Microsoft retires Internet Explorer after 27 years -- here's what happens next
Internet Explorer was once the dominant web browser, boasting a 95 percent market share in 2004. The arrival of better and faster browsers like Firefox and Chrome, along with the rise of smartphones, slowly destroyed its ubiquity and from today it is now officially retired and out of support.
While few people will mourn its passing, the browser is still used by many businesses and individuals who simply haven’t bothered to switch from what they know. For those users, Microsoft’s solution will be a predictable one.
In a blog post announcing the browser’s retirement, Microsoft says:
Over the next few months, opening Internet Explorer will progressively redirect users to our new modern browser, Microsoft Edge with IE mode. Users will still see the Internet Explorer icon on their devices (such as on the taskbar or in the Start menu) but if they click to open Internet Explorer, Microsoft Edge will open instead with easy access to IE mode. Eventually, Internet Explorer will be disabled permanently as part of a future Windows Update, at which point the Internet Explorer icons on users’ devices will be removed.
As part of this redirection process, users will have their data like favorites, passwords and settings imported from Internet Explorer -- this will help make the transition to Microsoft Edge both familiar and simple. If a user wants to delete or manage their data at any point after, they can always do so in Microsoft Edge from the Settings menu.
The company also has a video showing users how they can make use of IE mode in Microsoft Edge.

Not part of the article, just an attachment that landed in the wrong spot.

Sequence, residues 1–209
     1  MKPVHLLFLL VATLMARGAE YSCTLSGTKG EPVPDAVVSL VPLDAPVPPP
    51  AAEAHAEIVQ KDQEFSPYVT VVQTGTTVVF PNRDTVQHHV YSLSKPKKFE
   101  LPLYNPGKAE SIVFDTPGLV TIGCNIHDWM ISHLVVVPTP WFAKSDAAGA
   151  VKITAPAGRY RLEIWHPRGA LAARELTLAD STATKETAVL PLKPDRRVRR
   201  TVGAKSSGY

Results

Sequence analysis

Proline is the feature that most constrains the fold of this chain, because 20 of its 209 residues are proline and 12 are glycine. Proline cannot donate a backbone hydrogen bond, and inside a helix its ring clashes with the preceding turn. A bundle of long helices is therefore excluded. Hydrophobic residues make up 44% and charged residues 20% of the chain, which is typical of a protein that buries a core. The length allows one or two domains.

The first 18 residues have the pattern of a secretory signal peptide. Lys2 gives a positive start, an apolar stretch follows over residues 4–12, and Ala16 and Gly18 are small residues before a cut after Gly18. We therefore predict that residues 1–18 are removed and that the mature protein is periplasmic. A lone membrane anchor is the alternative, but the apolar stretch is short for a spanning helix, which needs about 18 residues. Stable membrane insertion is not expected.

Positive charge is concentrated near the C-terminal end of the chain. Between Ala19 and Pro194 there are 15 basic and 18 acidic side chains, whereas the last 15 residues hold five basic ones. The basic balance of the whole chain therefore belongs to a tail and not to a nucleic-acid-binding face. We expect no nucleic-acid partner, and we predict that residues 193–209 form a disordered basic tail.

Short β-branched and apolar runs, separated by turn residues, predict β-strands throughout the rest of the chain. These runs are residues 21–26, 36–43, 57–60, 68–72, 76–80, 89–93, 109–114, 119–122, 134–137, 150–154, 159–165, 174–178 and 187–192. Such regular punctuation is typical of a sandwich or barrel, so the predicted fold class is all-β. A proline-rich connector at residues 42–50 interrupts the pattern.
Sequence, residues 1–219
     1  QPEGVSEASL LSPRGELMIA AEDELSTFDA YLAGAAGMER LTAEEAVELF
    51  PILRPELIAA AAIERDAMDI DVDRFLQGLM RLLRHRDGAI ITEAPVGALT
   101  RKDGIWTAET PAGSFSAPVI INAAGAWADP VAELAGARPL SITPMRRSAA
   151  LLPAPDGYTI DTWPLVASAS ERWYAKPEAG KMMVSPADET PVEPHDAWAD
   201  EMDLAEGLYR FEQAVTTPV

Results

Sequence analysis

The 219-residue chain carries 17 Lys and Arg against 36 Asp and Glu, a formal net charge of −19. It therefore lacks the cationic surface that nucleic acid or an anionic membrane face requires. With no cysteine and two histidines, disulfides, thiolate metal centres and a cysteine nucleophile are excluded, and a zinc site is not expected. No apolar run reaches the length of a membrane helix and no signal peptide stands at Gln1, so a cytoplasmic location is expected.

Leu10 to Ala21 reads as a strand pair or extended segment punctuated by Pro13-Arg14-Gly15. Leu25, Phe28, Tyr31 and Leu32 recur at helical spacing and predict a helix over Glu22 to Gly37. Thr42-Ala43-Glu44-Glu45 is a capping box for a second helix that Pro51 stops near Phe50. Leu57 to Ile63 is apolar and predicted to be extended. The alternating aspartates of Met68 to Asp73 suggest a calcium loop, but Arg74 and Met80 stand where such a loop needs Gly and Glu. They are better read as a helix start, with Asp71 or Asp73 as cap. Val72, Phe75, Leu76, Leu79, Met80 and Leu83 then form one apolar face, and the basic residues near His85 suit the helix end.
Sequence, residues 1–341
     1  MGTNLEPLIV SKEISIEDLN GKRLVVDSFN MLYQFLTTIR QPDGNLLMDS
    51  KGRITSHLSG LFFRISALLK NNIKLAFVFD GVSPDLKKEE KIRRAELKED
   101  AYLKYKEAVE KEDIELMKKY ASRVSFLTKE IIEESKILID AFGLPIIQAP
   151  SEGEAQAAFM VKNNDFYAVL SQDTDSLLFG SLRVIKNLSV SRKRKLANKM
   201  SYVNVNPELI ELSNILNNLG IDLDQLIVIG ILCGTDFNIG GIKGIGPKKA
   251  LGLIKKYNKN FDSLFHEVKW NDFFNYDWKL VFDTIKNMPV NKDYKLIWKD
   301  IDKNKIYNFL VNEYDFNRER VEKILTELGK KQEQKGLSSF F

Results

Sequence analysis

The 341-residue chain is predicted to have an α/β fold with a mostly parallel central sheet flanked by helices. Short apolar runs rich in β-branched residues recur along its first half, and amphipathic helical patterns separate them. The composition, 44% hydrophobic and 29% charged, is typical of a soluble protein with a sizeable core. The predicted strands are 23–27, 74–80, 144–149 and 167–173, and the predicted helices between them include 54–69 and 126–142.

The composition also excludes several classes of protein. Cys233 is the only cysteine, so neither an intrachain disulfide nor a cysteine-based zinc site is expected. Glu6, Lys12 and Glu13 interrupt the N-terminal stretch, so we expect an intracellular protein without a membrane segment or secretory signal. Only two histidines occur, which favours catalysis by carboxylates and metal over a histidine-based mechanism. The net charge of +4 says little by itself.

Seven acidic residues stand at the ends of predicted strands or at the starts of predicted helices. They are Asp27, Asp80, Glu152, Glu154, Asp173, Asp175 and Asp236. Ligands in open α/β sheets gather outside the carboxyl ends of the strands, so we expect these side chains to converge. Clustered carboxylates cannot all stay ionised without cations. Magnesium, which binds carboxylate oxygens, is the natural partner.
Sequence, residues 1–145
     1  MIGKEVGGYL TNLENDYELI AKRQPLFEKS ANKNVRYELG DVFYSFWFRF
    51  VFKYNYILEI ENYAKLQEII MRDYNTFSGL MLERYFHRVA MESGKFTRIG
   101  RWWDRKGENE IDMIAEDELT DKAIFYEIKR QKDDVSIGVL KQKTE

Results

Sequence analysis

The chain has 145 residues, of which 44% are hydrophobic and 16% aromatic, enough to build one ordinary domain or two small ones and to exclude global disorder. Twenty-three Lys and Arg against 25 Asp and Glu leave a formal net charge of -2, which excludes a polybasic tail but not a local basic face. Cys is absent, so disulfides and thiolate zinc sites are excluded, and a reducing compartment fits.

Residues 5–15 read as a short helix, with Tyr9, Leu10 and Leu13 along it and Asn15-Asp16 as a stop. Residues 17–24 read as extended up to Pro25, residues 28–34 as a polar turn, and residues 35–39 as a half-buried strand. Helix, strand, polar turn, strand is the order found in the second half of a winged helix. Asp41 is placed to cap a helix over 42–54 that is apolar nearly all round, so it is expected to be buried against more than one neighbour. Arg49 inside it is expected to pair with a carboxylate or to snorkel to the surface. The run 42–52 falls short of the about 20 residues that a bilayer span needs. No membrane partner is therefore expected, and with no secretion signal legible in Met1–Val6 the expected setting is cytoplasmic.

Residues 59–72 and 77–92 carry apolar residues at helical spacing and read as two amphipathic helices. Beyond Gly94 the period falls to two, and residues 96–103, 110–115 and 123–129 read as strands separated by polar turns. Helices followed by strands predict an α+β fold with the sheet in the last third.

Microsoft says the future of Internet Explorer is Microsoft Edge, but other browsers, like Chrome and Firefox might suit users’ needs better, and there are some equally great -- arguably better -- choices available, like Brave and Vivaldi.
Although Internet Explorer is no longer supported from today, users will be able to continue to browse with it for a while yet, as Microsoft explains:
Today’s retirement covers all currently supported versions of Windows 10 Home, Pro, Enterprise, Edu and IoT (Internet Explorer is already removed from Windows 11). Internet Explorer will not be immediately removed on all these versions today but will be progressively redirected to Microsoft Edge on all these devices over the next few months (just like for everyday users) to give our customers time to find any sites they potentially missed and complete their transition.
Don’t think you can just ignore the warnings though. After this 'redirection phase' Microsoft will permanently disable the browser on devices via a future Windows Update.
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